My wife grew up around horses.  They’re almost second nature to her.  When she was young, each kid had their own horse.  It was a daily ritual to go riding when the weather permitted.  After we were married and had kids of our own, horse culture was still important.  I learned to enjoy watching rodeos, bull riding, and barrel racing.  Even though we lived in the city, the annual sojourns back to the country led to our own girls learning to ride.  My father-in-law, while not the horse whisperer, knows horses quite well.  He knows a lot about what it takes for any person to ride and care for such powerful and majestic animals.

To ride a horse means to learn, and to learn means falling off the horse and/or being thrown from a horse.  I never saw my father-in-law so adamant and tough than when each of my girls fell off the horse for the first time.  They didn’t want to get back on.  But Grandpa more than insisted – he commanded them back on that horse with some very firm instructions on what to do.

Grandpa knew, as all horse people do, that its important to get back on for two reasons:

  1. You have got to create a new experience with the horse so that you will overcome the bad experience; and,
  2. The horse needs a new experience with the rider so that he doesn’t get the idea that the old experience is the norm.

I don’t pretend to be a horse guy, but I’ve come to appreciate how to ride and how necessary it is to not let old experiences and spirited horses dictate the way things are going to go.  I’ve learned to take charge of a powerful animal and discovered the enjoyment of being in rhythm with a horse.  If you have a bad experience – whether it’s with a horse, a person, an event, a group, or a circumstance – it is vital you create new experiences.

Daily chronic bad situations and experiences is not healthy.  I’ve come to discover, and maybe you have, too, that emotional vitality and health will only come with some good solid positive new experiences that strengthen and reinforce your faith and spirituality. 

The Apostle Paul mentored Timothy (and numerous others) in the teachings of Jesus and the craft of ministry.  He did it because he knew that young persons need new experiences under the tutelage of an experienced mentor.  Paul also did it because Jesus intensively mentored twelve disciples, not to mention an entire coterie of men and women who followed him.

People, no matter where they’re from, need the encouragement to begin a new experience, and someone to come alongside and help them when it’s needed.  That’s important because every one of us has fallen off the horse at one time or another.  Some people have fallen badly and required surgery with a long time of healing or convalescence.  They especially need new experiences.   Its more than understandable that they’re afraid.  Yet,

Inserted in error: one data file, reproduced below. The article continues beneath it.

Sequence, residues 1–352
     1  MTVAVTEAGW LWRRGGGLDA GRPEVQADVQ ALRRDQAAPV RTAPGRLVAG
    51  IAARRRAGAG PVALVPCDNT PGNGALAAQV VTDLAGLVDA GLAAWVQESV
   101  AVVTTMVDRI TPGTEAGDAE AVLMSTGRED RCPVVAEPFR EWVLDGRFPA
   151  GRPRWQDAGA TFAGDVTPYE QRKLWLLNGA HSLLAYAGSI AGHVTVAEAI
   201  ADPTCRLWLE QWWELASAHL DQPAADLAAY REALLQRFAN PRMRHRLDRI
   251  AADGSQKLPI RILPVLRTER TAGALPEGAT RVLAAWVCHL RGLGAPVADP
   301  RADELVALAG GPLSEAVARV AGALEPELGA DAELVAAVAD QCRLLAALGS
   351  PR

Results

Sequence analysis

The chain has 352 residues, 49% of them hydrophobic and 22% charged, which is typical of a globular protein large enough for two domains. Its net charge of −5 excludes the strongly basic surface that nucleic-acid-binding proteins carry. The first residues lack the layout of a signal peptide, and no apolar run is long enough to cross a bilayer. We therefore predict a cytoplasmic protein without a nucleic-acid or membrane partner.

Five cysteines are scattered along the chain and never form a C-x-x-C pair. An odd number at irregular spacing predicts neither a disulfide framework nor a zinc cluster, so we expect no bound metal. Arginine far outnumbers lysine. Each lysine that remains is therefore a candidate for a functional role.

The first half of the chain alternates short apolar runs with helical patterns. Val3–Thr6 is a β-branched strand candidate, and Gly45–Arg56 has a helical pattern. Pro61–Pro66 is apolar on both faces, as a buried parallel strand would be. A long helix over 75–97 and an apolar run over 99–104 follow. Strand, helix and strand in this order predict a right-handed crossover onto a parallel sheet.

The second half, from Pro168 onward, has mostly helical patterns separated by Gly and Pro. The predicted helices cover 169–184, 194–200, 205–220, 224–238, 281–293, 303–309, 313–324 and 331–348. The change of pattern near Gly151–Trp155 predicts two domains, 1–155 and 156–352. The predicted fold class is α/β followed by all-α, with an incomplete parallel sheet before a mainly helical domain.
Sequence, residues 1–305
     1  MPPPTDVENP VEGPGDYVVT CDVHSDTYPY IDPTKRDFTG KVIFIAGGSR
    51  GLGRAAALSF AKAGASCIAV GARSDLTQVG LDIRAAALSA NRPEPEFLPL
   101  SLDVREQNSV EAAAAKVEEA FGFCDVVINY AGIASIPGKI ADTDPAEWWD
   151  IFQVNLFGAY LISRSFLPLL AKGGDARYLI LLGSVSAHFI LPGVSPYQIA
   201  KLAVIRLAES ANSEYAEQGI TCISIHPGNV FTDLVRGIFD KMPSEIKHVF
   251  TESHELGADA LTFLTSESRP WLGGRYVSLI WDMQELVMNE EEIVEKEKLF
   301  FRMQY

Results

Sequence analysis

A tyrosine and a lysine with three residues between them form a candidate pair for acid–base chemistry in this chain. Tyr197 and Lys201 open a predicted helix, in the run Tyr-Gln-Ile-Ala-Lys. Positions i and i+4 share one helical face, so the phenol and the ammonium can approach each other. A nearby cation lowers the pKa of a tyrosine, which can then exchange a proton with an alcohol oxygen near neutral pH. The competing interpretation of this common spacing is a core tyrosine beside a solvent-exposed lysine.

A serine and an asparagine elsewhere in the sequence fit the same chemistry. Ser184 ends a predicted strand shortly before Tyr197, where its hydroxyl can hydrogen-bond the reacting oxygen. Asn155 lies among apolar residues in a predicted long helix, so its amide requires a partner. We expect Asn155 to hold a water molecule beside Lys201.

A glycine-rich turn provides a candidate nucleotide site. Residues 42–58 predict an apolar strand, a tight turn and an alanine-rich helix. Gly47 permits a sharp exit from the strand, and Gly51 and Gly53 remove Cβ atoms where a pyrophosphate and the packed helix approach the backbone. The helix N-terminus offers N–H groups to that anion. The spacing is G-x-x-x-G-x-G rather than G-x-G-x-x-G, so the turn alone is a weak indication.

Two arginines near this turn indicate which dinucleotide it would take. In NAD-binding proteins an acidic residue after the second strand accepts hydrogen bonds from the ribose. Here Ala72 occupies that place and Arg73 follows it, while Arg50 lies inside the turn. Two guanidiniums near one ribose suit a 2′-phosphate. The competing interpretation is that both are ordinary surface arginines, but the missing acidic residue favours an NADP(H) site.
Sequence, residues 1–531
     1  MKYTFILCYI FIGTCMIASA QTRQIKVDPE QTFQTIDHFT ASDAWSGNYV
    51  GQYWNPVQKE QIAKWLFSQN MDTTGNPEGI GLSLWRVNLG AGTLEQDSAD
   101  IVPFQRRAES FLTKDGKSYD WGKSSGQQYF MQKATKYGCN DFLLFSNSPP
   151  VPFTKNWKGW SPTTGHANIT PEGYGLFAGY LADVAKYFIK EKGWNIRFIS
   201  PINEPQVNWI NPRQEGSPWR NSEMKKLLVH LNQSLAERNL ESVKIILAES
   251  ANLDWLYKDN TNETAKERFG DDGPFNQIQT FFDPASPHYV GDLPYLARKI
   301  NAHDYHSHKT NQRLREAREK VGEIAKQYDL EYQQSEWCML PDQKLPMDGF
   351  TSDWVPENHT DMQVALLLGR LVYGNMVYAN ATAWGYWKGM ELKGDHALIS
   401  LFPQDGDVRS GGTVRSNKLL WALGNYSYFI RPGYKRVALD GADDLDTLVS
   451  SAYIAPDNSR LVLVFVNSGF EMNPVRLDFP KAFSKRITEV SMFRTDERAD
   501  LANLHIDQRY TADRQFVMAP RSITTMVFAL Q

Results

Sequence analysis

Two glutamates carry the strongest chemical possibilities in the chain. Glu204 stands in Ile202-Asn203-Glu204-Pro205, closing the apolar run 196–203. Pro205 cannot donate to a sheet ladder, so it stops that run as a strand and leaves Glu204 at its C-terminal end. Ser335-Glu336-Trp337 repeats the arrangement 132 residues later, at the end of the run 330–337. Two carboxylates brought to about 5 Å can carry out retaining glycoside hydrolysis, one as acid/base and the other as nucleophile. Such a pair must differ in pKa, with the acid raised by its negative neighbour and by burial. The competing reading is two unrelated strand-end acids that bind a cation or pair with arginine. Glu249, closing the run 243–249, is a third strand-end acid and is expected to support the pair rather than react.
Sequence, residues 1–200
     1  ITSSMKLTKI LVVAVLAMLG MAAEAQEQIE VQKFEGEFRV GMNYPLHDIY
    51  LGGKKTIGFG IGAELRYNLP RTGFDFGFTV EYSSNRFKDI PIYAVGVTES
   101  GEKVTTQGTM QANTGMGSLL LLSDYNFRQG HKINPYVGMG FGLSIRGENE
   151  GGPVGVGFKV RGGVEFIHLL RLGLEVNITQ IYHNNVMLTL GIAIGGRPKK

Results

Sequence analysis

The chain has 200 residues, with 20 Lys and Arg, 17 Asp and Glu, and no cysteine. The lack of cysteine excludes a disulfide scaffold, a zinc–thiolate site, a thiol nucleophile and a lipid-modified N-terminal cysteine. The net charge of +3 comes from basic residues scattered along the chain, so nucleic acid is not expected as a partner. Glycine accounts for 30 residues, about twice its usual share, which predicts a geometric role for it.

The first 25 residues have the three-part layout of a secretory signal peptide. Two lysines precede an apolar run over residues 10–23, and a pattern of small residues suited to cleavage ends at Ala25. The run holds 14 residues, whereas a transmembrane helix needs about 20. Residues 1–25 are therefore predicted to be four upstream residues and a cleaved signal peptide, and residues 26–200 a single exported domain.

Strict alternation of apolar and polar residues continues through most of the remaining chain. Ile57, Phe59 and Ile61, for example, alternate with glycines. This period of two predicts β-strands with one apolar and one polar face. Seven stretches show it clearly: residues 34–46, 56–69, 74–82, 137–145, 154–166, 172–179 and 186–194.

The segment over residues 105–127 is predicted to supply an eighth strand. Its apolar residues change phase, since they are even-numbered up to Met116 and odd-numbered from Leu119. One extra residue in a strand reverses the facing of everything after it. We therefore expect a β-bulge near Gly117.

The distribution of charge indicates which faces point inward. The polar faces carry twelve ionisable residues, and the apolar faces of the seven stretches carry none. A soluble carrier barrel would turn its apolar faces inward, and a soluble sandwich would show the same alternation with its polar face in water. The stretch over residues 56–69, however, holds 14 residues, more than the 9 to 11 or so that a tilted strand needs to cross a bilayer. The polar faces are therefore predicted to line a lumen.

Fear cannot dictate what needs to happen any more than a horse should call the shots about what happens when riding.

Even when you have a bad experience, you can look at it, learn from it, and celebrate the new knowledge of things.  Then, you have the choice to move on.  You can be, and maybe should be, ruthless about purging things, including experiences, that don’t serve you well.

Find new ways and experiences that do serve you well.

That will take some experimentation and the freedom to allow yourself to fail and fall off the horse.  Maybe it means saying “yes” to something you’ve been saying “no” to.  Maybe it means taking the step of doing something you’ve wanted to do for a long time, but haven’t had the gumption to do.  Maybe there is just some old negative stuff cluttering your mind and rambling around in your heart, and you, like me, need to do some early Spring cleaning with some new thoughts and experiences.

Today is the day, my friend.  Go ahead and walk with me.  Let’s take some small steps.  Tomorrow, we’ll take some more.  The next day, we’ll get rid of some more stuff and take another step.  I’m not telling you anything you don’t already know.  You just need somebody telling you, commanding you, to get back on that horse and create a new experience.  Do it to the glory of God, for the blessing of others, and to serve yourself well.